Shore Blvd Sidewalk Replacement Tabled by Council

The difference in elevation between an existing sidewalk in Gulfport and “traffic bump outs” or “islands” installed during a recent project “is not a design flaw,” said Gulfport City Manager Jim O’Reilly. The sidewalk runs along the north side of Shore Boulevard from Beach Boulevard to 54th Street South. When Phase 2 of the Shore Boulevard Recreation Trail project was completed, it included installation of islands in the area but not an elevation change to the sidewalk. People have been climbing over barriers that were put in place to separate the two to prevent a potential hazard. Mayor Sam Henderson said the city did not pay for a solution between the two areas as part of the development project. “We didn’t pay for it and not get it,” he said. Therefore, any changes made to the sidewalk are the city’s responsibility. Pictured is the intersection of Beach Boulevard and Shore Boulevard showing the existing sidewalk, one of the new islands and a pedestrian protection barrier. 

The Shore Boulevard sidewalk replacement proposal was tabled by Gulfport Council at their regular meeting on May 1 pending the consideration of additional options.

When Phase 2 of the Shore Boulevard Recreation Trail project was completed, it included what are called “traffic calming bump outs” or “islands” located near the existing sidewalk that runs along the north edge of the road from Beach Boulevard to 54th Street South.

The islands “are there to protect the parked vehicles that are now part of the 60-degree angled parking,” said O’Reilly. In the past, the area had parallel parking.

The difference in the level of the islands and the sidewalk prompted city staff to add safety barriers like the current bollards and chains to protect pedestrians from stepping off the sidewalk and into storm drains that are located between the two, said O’Reilly.

The problem is, people have not been observing the barriers according to city planning.

Mayor Sam Henderson noted that the islands were “part of the original design” and that the city did not pay for a solution between the two areas as part of the development project. “We didn’t pay for it and not get it,” he said. Therefore, any changes made to the sidewalk are the city’s responsibility.

O’Reilly said, “It is not a design flaw. It’s a mistake, I’ll admit. I didn’t think people would step over bollard and chain barriers. That’s the issue. We’ve looked at options and some are more expensive than others. Council can make any decision it likes but our number one goal is to stop individuals from stepping into a storm drain.”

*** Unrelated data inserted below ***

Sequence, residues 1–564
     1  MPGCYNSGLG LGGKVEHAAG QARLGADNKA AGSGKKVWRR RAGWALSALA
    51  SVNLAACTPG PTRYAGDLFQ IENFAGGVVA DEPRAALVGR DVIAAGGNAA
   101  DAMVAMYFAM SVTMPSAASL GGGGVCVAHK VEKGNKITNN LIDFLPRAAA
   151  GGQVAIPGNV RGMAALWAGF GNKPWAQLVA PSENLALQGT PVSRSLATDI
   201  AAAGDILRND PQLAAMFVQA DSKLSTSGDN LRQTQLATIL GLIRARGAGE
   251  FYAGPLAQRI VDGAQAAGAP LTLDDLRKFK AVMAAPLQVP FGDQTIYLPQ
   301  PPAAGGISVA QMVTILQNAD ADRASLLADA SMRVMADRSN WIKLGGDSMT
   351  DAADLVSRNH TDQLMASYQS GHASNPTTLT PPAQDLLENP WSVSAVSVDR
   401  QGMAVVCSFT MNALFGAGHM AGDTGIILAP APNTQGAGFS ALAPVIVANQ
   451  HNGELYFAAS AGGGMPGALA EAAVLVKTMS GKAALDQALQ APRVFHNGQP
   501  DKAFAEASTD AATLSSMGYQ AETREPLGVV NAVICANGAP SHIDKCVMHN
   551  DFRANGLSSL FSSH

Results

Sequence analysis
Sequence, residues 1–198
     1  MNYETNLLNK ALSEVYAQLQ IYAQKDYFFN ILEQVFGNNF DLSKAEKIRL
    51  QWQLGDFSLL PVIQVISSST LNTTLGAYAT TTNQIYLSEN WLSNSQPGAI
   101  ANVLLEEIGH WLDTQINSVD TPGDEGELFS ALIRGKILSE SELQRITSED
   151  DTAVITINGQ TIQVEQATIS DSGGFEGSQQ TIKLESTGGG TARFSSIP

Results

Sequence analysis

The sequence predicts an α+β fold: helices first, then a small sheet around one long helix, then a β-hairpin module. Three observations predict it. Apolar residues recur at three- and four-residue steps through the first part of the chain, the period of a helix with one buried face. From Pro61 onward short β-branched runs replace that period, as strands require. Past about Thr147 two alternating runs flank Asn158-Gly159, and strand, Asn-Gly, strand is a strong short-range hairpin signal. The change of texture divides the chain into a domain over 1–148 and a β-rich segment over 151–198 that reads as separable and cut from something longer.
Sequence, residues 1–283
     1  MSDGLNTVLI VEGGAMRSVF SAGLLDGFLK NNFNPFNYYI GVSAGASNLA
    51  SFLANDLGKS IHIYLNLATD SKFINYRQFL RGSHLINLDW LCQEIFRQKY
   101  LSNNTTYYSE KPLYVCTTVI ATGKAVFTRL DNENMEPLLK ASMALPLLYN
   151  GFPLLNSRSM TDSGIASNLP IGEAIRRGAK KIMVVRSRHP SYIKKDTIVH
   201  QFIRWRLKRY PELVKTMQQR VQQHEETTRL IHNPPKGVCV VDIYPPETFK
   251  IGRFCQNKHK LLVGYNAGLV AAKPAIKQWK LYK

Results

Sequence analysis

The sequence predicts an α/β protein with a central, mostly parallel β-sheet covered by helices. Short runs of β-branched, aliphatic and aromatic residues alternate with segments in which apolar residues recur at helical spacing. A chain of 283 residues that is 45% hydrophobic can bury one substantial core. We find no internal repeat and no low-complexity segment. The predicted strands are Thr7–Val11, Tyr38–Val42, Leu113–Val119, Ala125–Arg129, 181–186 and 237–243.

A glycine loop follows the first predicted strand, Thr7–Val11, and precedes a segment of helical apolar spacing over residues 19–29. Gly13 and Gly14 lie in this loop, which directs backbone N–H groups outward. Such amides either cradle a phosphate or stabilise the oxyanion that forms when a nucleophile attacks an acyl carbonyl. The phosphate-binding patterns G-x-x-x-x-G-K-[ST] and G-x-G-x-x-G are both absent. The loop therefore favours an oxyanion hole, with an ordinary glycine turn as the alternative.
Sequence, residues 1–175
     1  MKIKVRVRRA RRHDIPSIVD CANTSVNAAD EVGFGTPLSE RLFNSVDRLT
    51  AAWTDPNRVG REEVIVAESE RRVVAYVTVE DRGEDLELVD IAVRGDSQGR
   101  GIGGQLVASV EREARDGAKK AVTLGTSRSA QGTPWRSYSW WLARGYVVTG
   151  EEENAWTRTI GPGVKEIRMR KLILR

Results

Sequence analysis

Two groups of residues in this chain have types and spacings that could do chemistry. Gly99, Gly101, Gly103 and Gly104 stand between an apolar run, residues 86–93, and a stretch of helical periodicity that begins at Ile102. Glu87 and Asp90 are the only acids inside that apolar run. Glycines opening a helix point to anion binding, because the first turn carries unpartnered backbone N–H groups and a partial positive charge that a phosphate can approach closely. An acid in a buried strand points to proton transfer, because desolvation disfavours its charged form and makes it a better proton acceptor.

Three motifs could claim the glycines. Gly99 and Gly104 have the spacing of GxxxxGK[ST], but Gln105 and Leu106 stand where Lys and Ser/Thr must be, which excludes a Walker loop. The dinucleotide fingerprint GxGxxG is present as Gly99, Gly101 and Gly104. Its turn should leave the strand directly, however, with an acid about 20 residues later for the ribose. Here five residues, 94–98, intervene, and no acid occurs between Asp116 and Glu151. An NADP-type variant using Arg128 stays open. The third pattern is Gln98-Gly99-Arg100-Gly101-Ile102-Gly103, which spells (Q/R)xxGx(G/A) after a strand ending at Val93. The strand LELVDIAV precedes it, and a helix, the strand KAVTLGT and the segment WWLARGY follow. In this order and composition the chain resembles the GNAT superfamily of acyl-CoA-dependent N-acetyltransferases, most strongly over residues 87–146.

During their April 3 meeting, council discussed using brick pavers instead of concrete on the sidewalk for any type of repairs so the area would match the completed parts of the project. During the May 1 meeting, city staff presented the council with a brick paver solution resulting in a price tag of $83,775.

Henderson summarized and said, “What we have to decide is how far are we going to go trying to fix the problem because ultimately there’s only so much we can be responsible for [regarding] people’s behavior. If somebody chooses to step over chains and bollards just like they choose to climb over a fence or anything else, I mean, at what point are we supposed to defend them from themselves?”

Councilmember Dan Liedtke suggested the council should table the topic to provide more time to research additional options that would be more cost effective.

“Potential options are putting it out for bid or narrowing the scope of the work a little bit,” he said. “We have to do something because over the years, that sidewalk has sunk down to street level and in moderate rains, you’re walking through puddles. So, somehow, we need to elevate that sidewalk.”

Liedtke, Councilmember Paul Ray, Vice Mayor Christine Brown and Henderson agreed to table the topic. Councilmember Michael Fridovich was absent from the meeting.

Police Department Reaccreditation Approved

Last week, the Gulfport Police Department completed another assessment by the Commission for Florida Law Enforcement Accreditation that takes place every three years, said Police Chief Robert Vincent.

“In their exit interview, the reviewers said they would be recommending to the commission that we be reaccredited once again without conditions,” he said.

This will maintain their status as an Excelsior Recognition department.

“You have to have five consecutive reaccreditations without conditions to achieve this level, which we got last time,” said Vincent. “That was 15 years worth of work.”

The commission will meet on June 20 in Orlando to formally approve the recommendation.
According to the commission’s website, on July 1, 2010, the commission formally adopted the Excelsior Recognition program and it “became the highest level of achievement in Florida accreditation a criminal justice agency can receive.”

With this most recent achievement, Gulfport’s Police Department has been accredited for a total of 18 years.

“That’s something to be very proud of because there are very few law enforcement agencies in the state that have achieved reaccreditation that many consecutive times without conditions,” he said.

Vincent has been chief for eight years.

“I’m very proud of the team,” he said.

 

 

Don't be shy. Tell us what you think.